Adaptation and memory in immune responses

Gioacchino Natoli, Renato Ostuni

Research output: Contribution to journalReview articlepeer-review


Adaptation is the ability of cells, tissues and organisms to rapidly and reversibly modify their properties to maximize fitness in a changing environment. The activity of immune-system components unfolds in the remarkably heterogeneous milieus to which they are exposed in different tissues, during homeostasis or during various acute or chronic pathological states. Therefore, adaptation is essential for immune cells to tune their responses to a large variety of contexts and conditions. The adaptation of immune cells reflects the integration of multiple inputs acting simultaneously or in a temporal sequence, which eventually leads to transcriptional reprogramming and to various functional consequences, some of which extend beyond the duration of the stimulus. A range of adaptive responses have been observed in both adaptive immune cells and innate immune cells; these are referred to with terms such as 'plasticity', 'priming', 'training', 'exhaustion' and 'tolerance', among others, all of which can be useful for defining a certain immunological process or outcome but whose underlying molecular frameworks are often incompletely understood. Here we review and analyze mechanisms of adaptation and memory in immunity with the aim of providing basic concepts that rationalize the properties and molecular bases of these essential processes.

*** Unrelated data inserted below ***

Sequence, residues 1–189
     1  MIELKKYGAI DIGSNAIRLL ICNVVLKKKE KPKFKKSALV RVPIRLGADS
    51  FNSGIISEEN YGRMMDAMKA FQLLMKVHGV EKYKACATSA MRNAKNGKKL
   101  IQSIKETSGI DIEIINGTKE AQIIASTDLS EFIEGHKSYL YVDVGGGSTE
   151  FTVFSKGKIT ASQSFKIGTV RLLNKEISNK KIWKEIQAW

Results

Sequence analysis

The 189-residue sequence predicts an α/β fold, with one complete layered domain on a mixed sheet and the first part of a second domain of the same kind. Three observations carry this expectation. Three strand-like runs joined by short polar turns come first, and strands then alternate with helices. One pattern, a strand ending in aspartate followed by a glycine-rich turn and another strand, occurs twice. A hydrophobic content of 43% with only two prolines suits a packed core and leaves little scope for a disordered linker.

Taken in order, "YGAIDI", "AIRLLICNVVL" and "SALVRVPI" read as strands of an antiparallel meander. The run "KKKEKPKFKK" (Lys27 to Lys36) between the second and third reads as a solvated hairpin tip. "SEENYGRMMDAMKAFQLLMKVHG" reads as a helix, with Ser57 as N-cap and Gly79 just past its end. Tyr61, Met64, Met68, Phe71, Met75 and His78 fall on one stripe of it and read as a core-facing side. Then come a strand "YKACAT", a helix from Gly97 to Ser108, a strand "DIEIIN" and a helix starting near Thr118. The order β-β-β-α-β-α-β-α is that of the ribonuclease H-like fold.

Original languageEnglish
Pages (from-to)783-792
Number of pages10
JournalNature Immunology
Issue number7
Publication statusPublished - Jul 2019


  • Adaptation, Physiological
  • Adaptive Immunity
  • Animals
  • Gene Expression Regulation
  • Histones/metabolism
  • Humans
  • Hypersensitivity/immunology
  • Immune System/cytology
  • Immune Tolerance
  • Immunity
  • Immunity, Innate
  • Immunologic Memory
  • Organ Specificity/immunology
  • Phenotype
  • Signal Transduction


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